Begin your new year by resolving to become a good festival attendee.

The music festival culture is at its peak currently, being celebrated by millennials all over the world. It is also one that is often taken advantage of. The Sherp has a few New Year resolution suggestions for festival frequenters, and the Festival Sherpa team, to follow. These may help elevate our festival experiences in 2018. Have a look!

1. Stick to your schedule. For real. 

One of the most common regrets attendees seem to have is when they miss an act. Festival lineups are often vast and colorful, and every festival enthusiast draws up a mental (or physical, depending on how invested you are) schedule of the acts they’re looking forward to. Missing anticipated acts is natural, with the hustle-bustle of music festivals, but if you try, you can catch them all – as Pokemon vowed to teach us. Stick to your schedule by having a clear picture of the stages you want to see, and don’t forget to account for time you spend at the ticket counter, security, getting refreshments, etc.

lost party cover

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2. Be a good Samaritan. 

Picture this: you’re at a festival, and there’s a drunk and/or high girl/boy losing their shit close to you. People pass him/her, chuckling. I mean, stuff like this happens all the time, why be bothered by it? Well, this time, vow to help this strange person, granted they have no one else around and are susceptible to assistance. Get them some water and make sure they know what and how much of the intoxicant they’ve taken. Maybe even call their friend for them. If they don’t need your help, well, at least you tried.


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3. Don’t let the intoxicants dominate your experience.

Getting intoxicated is an unsaid etiquette of the festival experience, and that’s perfectly alright. However, forgetting that the whole point of the festival is the music, the vibe, and the people, is also something that comes with getting too intoxicated. Level your alcohol/drug consumption so that you can make the bets of the festival.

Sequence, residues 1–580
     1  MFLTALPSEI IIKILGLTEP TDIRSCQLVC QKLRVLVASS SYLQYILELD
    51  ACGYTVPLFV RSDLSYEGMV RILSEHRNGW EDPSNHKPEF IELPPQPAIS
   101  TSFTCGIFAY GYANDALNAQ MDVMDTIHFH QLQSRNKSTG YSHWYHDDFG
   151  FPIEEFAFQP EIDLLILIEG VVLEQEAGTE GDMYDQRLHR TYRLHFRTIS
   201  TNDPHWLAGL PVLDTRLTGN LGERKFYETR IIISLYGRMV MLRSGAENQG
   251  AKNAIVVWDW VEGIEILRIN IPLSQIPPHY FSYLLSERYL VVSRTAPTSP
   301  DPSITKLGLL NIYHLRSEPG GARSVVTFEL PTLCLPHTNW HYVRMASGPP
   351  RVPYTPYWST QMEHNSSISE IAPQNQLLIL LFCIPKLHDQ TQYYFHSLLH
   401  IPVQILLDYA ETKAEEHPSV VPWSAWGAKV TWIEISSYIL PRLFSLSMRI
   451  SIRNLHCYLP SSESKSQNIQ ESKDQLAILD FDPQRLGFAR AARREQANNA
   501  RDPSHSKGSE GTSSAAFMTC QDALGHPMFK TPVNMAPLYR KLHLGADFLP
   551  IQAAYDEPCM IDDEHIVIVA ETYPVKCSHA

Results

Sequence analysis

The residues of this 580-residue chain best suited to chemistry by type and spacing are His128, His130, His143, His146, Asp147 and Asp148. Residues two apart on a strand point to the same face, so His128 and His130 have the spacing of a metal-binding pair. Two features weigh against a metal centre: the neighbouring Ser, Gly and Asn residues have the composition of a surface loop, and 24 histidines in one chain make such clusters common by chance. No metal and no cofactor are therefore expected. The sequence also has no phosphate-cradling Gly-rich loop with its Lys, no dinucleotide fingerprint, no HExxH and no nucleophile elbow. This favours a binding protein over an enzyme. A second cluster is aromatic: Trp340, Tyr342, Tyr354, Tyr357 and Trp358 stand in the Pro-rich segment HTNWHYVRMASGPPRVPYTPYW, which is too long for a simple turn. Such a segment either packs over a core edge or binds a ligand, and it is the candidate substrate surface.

A woman of the playa name "Indigo" participates in a drinking game during the Burning Man 2012 "Fertility 2.0" arts and music festival in the Black Rock Desert of Nevada

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4. Respect the ‘Leave No Trace’ policy.

Many festivals work hard to implement the ‘Leave No Trace’ policy, that helps them keep the environment and venue clean after the festival is over, and avoid this gruesome aftermath. These festivals almost always have volunteer positions, which attendees can take up and help the organizers clean the venue post the festival. If you’re not available to volunteer, then simple gestures, such as looking for a nearby trash can instead of leaving plastic cups behind in the grass/mud/sand can go a long way. We know you have it in  you to be amazing, world. Let’s make the festival community a better place!

Note: When we talk about leave-no-trace, the festival organizers must also take this seriously. Read this amazing article about how leave-no-trace isn’t being implemented in most cases.

leave no trace - origin

(Image Via: Aumega/Origin Festival Facebook)

5. While you’re at it, respect the music. 

There are innumerable music festivals in the world, a new one budding literally every month in some part of the earth. Music festivals try their hardest to make their lineup suitable for their target audiences. If that audience isn’t you, move on. Hating on headliners selected by the organizers is not only unfair, but essentially disrespectful to the festival and the artist. If you don’t like the headliner, don’t go for the festival. If you’ve already bought your ticket, you have our sympathy, but that still doesn’t give you the excuse to misuse the internet to bad-mouth the artist or the festival. Same way, while you’re at the festival, try to be respectful of the artist on stage. They’re performing for YOU. If you don’t enjoy the set, move away and be as boisterous as you please, but don’t inadvertently ruin the experience for fellow attendees.


(Image Via: Nh7 Weekender/Facebook)

Remember Woodstock, folks: the festival that inadvertently set the culture of music festivals into motion. Start the 2018 season of festivals with peace, love and music.